Constitutional change


THE CABINET has finally agreed “in principle” to establish a constitutional convention and Opposition parties will be consulted on its architecture and agenda. Delay in setting up the convention, along with uncertainty about its composition and remit, is a cause for concern. There should be no more fudging or prevarication: comprehensive political and administrative reform is required if the mistakes of the past are not to be repeated.

Government briefings suggest the convention may be asked to consider an initial agenda involving a reduction in the voting age, same-sex marriage and a shorter presidential term. These are important but largely peripheral issues and could obscure, if not derail, pre-election undertakings involving major political, administrative, electoral and structural change.

They do not cut to the heart of the problems that manifested themselves in recent years, where some ministers devoted as much time to their constituencies as to government business, and the overwhelming power of the executive served to diminish parliament and its oversight role. Even the precise make-up of the convention is unclear. The appointment of 30 lawyers and constitutional experts, along with 30 politicians and 30 citizens drawn randomly from the electoral register has been suggested. These matters should be clarified as quickly as possible.

Improving the level of trust and dialogue between voters and politicians is a critically important project, as is the introduction of electoral and administrative change. Engagement with Opposition parties has been belated and only driven by the need to agree a basic agenda and secure their co-operation The convention’s programme and deliberations should not be dominated by party-directed agendas. One of the great flaws in our society has been an absence of accountability. The higher up the chain of command you go – in politics, banking, religion or business – the more obvious it becomes. Failure by regulatory authorities and the police to pursue and punish wrongdoers is part of the problem. To drive reform and political and administrative effectiveness, individuals in positions of power must be held responsible for their actions, whether it amounts to basic mistakes, poor planning, abuse of power or corrupt actions. In that regard, Government promises to specify in law the separate responsibilities of ministers and senior civil servants await implementation.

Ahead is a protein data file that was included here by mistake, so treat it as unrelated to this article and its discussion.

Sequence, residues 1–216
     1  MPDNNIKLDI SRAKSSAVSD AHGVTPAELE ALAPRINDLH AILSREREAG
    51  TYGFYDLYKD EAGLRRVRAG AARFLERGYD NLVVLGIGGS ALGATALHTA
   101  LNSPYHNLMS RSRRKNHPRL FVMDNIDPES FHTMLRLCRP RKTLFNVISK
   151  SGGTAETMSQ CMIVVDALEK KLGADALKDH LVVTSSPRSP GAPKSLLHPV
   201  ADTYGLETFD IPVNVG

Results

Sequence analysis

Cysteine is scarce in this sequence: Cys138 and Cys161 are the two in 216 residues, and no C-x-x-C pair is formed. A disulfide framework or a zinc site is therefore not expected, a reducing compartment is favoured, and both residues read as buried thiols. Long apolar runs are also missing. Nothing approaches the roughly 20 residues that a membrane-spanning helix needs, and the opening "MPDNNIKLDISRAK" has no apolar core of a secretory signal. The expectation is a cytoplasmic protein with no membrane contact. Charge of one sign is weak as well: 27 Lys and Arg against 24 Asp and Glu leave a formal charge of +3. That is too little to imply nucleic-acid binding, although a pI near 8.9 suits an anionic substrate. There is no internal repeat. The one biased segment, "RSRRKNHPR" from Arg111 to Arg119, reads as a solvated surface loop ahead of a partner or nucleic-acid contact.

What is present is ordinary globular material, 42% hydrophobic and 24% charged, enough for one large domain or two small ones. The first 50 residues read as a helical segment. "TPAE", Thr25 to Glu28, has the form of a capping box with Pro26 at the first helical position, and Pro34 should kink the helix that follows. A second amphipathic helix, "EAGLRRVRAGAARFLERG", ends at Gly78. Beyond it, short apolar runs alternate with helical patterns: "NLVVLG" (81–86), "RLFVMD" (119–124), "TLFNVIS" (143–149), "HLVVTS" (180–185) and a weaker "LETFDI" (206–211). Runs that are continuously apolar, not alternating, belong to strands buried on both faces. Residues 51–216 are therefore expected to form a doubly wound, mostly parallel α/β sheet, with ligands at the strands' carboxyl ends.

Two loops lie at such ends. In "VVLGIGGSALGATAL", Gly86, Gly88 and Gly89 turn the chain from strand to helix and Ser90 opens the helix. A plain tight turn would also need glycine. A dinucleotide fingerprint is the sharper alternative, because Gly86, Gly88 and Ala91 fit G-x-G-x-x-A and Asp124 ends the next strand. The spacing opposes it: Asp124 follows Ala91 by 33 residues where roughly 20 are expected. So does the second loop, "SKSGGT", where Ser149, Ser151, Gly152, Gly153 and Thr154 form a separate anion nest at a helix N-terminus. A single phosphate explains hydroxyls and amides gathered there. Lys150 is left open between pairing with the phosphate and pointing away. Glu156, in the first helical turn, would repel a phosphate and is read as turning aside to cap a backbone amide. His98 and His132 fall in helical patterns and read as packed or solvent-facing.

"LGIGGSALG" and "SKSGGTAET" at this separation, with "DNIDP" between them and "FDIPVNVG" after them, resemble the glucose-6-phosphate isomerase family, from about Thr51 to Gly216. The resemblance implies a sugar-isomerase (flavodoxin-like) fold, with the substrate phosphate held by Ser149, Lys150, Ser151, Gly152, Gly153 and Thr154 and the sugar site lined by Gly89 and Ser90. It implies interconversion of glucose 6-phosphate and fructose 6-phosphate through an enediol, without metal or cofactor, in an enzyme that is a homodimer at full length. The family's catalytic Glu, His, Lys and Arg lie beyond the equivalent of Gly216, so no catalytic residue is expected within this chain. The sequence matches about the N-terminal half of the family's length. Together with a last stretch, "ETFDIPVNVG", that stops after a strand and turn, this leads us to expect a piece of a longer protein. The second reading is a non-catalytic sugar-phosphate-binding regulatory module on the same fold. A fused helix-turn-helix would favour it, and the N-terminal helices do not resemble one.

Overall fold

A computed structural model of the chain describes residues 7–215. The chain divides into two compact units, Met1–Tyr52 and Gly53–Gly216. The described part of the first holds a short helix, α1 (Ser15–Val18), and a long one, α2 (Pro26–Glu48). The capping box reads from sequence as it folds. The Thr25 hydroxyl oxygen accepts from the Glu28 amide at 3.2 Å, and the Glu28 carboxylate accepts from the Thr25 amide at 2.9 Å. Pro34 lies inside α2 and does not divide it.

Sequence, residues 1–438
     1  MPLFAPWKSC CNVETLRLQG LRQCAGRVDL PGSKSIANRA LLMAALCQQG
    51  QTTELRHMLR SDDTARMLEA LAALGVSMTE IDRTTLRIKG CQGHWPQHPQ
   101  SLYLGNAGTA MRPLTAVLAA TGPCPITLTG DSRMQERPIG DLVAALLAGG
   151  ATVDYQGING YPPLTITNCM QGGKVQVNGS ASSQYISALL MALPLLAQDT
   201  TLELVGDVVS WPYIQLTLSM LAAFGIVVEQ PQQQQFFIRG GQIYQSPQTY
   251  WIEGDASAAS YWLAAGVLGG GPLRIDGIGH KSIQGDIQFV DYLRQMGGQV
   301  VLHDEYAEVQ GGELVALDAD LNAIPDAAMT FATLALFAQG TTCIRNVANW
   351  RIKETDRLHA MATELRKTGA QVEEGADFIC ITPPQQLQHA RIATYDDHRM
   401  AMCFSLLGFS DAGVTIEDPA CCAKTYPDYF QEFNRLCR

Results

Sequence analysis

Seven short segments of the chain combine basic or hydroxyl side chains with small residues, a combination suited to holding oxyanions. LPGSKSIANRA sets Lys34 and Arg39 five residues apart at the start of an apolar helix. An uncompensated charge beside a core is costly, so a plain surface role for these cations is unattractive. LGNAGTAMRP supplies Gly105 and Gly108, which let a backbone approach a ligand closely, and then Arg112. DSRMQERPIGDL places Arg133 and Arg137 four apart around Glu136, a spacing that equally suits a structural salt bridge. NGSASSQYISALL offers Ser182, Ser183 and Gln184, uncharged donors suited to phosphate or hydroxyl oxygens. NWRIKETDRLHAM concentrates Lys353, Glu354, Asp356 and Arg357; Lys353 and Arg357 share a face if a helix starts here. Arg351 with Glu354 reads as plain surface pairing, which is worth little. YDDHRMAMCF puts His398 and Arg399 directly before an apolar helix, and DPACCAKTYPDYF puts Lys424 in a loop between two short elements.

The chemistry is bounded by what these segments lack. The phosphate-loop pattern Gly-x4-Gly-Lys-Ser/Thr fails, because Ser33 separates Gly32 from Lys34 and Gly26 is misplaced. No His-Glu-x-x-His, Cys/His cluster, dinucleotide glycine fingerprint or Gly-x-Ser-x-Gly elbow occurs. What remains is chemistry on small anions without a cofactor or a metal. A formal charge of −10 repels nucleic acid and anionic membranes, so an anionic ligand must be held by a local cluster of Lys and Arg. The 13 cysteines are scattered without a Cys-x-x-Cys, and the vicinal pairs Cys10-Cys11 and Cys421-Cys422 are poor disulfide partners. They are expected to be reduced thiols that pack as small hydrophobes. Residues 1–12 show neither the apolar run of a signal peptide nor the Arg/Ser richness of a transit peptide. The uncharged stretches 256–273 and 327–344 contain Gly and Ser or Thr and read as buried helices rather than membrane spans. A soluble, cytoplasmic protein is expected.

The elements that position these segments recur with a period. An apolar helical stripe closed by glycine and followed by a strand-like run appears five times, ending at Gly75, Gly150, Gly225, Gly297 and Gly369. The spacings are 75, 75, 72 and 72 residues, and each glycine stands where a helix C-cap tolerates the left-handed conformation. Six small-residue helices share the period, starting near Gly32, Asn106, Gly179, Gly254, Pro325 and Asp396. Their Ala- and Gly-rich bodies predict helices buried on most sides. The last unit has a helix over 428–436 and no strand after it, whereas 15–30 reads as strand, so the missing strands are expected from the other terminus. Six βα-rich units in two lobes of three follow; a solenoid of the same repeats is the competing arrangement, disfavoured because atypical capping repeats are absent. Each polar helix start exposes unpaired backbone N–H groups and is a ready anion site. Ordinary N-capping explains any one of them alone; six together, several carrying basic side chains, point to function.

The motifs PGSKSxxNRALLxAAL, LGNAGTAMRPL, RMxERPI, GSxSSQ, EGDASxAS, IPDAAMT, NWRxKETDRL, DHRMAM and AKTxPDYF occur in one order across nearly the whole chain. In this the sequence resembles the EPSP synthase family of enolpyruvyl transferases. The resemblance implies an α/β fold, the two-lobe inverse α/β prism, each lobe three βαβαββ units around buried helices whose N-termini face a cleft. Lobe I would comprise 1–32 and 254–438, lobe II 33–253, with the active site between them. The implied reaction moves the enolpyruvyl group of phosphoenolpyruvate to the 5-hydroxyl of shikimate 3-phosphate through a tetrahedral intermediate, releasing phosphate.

The constitutional convention will be directed to produce a final report within 12 months. That is an extremely tight schedule, given the complexity of the issues involved. Any reform of the PR voting system will generate controversy because of its likely impact on Dáil representation and local communities. The same holds true for local authorities where extensive change has been proposed involving the amalgamation of councils and new financing methods, but without considering political representation. In spite of that, a radical review could help in making the political and administrative systems fit for purpose in a modern republic.